Here are some examples of questions we hear frequently
Q. Do you offer Summer Camps?
Yes we do. Go to DHDC.org. Look for Summer Camps and click on that. Then click register. You will see options for our amps there. We are partnering with the Discovery Center this year to offer the best camps ever! . If you want to see details, click on the Camp Brochure. We are on Page 13.
Q - What kinds of animals can we see at the Nature Center?
We are located on a major river break of the Canadian River on 645 acres of land. Any kind of wild animal living or passing through the Texas High Plains is likely to be found here. Many species are residents. To see them, you must know something about their habits and habitats. If you don't know these things we will be glad to educate you so you can observe and appreciate our native bio-diversity.
Q - Do you have live captive animal exhibits?
No. We are a nature preserve. As the Nature Center moves to a more research and education based philosophy, our live animal exhibits were all moved to a facility in Abilene that specializes in those kinds of displays. All of our residents are truly wild and they are free to come and go as they choose. We hope to provide habitats where they can sustain themselves by reducing the impact humans make at our facilities. If you would like to see animals in captivity we recommend a visit to the Amarillo Zoo. We are planning to have specialized programs, however in the future where you may come to see and be educated about the animals of the high plains as well as some exotics.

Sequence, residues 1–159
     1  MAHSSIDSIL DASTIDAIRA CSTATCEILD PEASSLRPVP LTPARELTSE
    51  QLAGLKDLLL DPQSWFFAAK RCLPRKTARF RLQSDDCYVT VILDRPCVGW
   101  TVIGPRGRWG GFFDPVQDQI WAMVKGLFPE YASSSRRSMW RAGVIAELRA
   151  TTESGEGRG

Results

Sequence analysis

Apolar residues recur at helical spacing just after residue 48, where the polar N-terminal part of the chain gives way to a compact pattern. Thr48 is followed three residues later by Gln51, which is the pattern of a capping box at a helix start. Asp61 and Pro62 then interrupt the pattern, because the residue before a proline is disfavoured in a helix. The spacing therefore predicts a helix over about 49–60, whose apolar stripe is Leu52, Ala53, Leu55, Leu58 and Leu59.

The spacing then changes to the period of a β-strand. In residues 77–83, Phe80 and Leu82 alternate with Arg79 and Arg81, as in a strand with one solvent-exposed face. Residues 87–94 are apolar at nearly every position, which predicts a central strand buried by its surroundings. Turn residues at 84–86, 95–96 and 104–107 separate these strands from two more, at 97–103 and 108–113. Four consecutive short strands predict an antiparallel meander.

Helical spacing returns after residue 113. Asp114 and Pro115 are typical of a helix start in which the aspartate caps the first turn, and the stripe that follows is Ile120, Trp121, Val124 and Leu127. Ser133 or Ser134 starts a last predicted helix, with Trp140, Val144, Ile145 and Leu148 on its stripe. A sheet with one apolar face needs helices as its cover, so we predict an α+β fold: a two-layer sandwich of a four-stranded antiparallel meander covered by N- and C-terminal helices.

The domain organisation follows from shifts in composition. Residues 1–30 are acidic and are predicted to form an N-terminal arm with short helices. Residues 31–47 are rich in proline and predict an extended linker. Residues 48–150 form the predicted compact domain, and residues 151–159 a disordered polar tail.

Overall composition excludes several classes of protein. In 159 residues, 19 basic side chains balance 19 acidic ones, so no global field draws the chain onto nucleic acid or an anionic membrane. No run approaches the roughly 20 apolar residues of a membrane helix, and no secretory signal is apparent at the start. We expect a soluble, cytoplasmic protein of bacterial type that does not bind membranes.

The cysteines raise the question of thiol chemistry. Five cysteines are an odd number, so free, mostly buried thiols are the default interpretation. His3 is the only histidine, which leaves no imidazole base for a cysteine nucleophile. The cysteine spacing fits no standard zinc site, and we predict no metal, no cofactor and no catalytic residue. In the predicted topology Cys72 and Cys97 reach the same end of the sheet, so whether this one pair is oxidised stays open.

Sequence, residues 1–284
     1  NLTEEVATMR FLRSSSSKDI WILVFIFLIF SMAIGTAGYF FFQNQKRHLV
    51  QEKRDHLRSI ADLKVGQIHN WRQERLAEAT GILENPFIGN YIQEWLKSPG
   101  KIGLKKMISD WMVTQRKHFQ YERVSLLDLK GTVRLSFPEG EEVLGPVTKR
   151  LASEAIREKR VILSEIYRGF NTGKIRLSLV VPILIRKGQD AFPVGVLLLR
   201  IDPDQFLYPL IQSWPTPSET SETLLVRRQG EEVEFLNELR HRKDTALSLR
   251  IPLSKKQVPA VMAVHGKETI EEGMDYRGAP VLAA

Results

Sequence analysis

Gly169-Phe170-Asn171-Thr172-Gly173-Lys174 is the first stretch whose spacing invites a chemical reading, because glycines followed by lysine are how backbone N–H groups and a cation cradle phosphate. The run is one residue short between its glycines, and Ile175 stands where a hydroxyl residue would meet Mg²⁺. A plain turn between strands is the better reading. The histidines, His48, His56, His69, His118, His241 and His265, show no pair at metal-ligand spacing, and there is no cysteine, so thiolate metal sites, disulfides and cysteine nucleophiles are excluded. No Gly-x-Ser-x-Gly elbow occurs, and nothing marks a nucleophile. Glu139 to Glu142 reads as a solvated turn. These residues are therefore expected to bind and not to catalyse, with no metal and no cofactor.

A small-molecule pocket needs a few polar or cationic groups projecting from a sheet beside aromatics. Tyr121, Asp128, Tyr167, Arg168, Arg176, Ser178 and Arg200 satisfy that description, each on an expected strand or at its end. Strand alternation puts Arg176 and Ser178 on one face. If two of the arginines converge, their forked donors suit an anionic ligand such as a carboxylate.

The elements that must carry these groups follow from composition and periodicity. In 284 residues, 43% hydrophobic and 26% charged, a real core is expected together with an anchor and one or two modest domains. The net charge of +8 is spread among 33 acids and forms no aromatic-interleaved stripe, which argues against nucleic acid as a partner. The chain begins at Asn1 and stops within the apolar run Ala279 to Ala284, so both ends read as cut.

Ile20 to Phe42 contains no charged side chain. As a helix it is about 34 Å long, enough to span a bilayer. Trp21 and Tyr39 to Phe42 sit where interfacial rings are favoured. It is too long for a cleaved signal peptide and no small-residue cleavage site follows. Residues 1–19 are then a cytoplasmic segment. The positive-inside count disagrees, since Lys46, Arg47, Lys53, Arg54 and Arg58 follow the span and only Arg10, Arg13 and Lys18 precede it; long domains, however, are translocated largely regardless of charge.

Q - Do you offer field trips for school classes, and can you come to our school?
We certainly do. See our Education Page. Many schools and school groups bring students to the Nature Center for outings, experiential education and for artistic studies. We have qualified volunteer educational staff and guides available at our facilities or yours if given enough advance notice. Our nature trails, geology wall and archaeology dig pit are available. As time goes on, your students will get to see more and more research projects in motion and learn about what scientists in our area are studying.
Q - Is the Gilvin building available for rental? I want to have a birthday party.
Yes. Please contact us for scheduling and details. Please watch for updates on our website, Facebook, and Twitter.
Q - What are the rules for hiking the trails?
The most important rules are:
- Respect the land, residents, features and other visitors.
- Leave no trace except footprints. Anything you carry in you must carry out.
- You may take away photos (please share them!) and happy memories. Take nothing else unless given specific permission by staff.
- Never smoke, start any fire, or expose any kind of flame. Fire danger is extremely high at Wildcat Bluff.
- Do not disturb animals and habitat. Look with your eyes not with your hands, please.
- Do not disturb marked research sites. Disturbing a research site can ruin months or years of hard work.